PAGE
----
Negative Politics


Carrying Primary Scars Into the General Election – New York Times

This interesting little article in today’s New York Times reminded me of why I find politics on both sides of the border so tedious. Seems that for years now the candidates have girded themselves and fought it out before the electorate not in terms of who has the best ideas for the country but who can sling the most mud and say the nastiest things about their opponent. Makes me think of these ‘reality’ shows where one player tries to humiliate the other. Guess this is where we seem to end up — in my mind it casts a very dark pall over our potential survival.

Directing a country (or even a company) is not an easy task. There is an infinity of alternatives and tradeoffs to be weighed and balanced. Systems engineering, a long fascination of mine, seeks to find paths through the complexity for simple cases like space missions or even plant locations. But for the far more complex issues of helping society (yes, all of us!) survive and (perhaps) thrive there just isn’t any science, just a lot of opinions. And even those are further obscured by other factors — market economics are touted as the universal Saviour to many problems. The interesting thing is that there is some evidence that it doesn’t always work — but the economic establishment makes it very difficult for these studies to get out. My favorite example of this is the use of markets to provide electricity, despite the history leading back to Enron (remember those guys?) and the disasters this has facilitated in many places — California, anyone? And so it goes.

So here we have it — an open process where candidates slug it out, not so much on the quality of their ideas (and how would we judge?) but by the quantity and quality of their mud slinging. And we seem to give extra points to the nastiest! And this persists after the elections. I don’t know about anybody else but I am absolutely sick of old problems being dredged up with much fanfare by the current Canadian government as further examples of how their opponents were bad. Somehow it seems like this is just one attempt after another to cover up their dearth of ideas as to how to deal with today’s complexities. So this gets left to some future government to handle or perhaps is solved (or not) by the private sector — or little by little the country gets poorer and uglier and opportunities just slip away.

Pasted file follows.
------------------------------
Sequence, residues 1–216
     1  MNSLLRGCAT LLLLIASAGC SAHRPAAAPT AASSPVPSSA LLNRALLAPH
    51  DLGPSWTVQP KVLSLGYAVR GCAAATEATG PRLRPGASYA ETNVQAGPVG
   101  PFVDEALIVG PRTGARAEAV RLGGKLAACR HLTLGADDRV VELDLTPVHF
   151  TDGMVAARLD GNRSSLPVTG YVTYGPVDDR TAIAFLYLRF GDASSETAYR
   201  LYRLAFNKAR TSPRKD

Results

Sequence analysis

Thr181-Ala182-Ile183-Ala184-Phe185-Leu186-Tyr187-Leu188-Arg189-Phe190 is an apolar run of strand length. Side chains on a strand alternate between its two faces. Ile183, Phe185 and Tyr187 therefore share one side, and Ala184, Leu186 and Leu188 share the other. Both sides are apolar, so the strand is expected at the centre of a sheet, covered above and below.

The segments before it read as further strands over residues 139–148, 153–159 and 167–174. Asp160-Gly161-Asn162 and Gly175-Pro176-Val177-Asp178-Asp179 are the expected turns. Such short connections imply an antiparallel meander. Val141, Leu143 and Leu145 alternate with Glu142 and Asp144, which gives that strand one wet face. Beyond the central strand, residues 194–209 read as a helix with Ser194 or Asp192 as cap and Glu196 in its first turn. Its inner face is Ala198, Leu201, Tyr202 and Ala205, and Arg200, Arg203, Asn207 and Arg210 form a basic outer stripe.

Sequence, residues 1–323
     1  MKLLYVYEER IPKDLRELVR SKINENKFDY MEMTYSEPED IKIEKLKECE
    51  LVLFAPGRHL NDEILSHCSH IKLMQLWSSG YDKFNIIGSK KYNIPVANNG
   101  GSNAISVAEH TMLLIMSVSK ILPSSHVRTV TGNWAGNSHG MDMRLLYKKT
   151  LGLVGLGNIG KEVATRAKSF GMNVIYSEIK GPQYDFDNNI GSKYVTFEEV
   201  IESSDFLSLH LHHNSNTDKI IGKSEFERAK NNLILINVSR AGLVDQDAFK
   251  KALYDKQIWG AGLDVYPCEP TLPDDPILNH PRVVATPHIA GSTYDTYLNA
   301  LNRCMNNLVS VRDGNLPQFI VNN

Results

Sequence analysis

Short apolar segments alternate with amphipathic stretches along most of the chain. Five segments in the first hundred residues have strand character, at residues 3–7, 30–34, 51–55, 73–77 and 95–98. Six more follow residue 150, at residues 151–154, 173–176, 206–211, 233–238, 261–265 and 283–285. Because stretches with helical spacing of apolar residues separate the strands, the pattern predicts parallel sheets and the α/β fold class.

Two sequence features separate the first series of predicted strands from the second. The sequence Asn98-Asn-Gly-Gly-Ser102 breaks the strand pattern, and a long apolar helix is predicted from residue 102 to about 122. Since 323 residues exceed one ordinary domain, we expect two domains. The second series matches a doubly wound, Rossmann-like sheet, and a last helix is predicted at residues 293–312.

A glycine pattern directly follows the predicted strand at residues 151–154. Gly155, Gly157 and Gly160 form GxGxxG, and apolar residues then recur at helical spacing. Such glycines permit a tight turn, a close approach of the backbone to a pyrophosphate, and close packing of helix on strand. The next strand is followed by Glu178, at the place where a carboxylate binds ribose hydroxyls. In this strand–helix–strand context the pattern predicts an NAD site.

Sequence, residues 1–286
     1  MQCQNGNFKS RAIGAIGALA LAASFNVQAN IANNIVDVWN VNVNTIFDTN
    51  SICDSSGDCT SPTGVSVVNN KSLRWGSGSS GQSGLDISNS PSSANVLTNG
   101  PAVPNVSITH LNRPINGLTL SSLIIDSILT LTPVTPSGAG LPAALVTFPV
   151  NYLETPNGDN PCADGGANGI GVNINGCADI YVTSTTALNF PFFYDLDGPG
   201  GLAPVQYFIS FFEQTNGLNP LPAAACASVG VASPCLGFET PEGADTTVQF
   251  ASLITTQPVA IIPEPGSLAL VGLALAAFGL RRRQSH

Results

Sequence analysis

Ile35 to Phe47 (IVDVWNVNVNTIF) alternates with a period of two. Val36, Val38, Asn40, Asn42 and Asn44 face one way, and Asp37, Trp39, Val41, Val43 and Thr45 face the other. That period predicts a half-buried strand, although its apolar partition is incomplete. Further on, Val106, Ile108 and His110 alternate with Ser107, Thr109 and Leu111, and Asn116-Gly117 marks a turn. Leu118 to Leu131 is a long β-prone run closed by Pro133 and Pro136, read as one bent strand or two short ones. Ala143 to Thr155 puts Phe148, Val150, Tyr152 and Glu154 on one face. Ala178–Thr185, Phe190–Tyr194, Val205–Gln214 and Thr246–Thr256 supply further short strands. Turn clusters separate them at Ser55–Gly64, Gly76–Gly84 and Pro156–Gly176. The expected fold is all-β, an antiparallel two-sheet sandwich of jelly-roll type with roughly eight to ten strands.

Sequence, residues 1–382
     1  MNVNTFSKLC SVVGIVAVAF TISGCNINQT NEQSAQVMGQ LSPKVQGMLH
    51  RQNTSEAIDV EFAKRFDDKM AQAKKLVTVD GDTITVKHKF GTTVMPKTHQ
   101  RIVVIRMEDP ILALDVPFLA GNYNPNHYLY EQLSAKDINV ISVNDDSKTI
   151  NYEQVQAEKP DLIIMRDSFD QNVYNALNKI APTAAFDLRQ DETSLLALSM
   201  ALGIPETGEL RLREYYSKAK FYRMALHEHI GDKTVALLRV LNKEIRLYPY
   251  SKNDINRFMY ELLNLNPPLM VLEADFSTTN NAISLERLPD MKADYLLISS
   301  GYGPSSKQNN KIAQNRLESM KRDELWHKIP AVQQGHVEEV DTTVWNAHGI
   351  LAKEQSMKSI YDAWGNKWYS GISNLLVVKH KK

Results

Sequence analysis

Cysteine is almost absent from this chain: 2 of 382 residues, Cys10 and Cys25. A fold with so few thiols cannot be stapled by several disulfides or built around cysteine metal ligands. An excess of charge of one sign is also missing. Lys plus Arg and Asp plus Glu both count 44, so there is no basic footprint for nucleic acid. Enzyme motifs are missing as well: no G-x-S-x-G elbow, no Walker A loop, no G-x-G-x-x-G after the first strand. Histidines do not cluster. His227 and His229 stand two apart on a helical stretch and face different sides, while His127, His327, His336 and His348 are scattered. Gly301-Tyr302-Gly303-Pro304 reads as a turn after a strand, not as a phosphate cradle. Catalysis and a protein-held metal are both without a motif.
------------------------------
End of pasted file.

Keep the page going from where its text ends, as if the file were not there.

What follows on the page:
The US is no better. The world is a complex place with many equally valid views and priorities overlapping and tangling. The last few years seem to have demonstrated what a mess can be created by charging out with ‘my mind is made up, do not confuse me with facts’. Internally all the patient work by the Bush and Clinton administrations to dismantle the protective legislation built up over the years and the short-sighted efforts by corporations to move jobs offshore have the country sliding towards deep recession. Its great that goods are cheaper but so what if the folks who want to buy don’t have jobs? And political partisanship, don’t get me started! I am sure Joe Stalin and Adolph Hitler appreciated the pressures towards political monculture — gasp, dont say anything to make the leader unhappy! Somehow I do not see how any of this will lead to better decisions being made by anyone.

A long time ago, President Lincoln picked his cabinet from people who disagreed with him. I think we have forgotten the fundamental wisdom of that choice. But here we are, looking at the spectacle of political processes that choose leaders based not on their ability to work with others and navigate the landscape of ideas but on their nastiness, obstinacy and persistence in trying to get their way regardless of the costs. I fear for our future.

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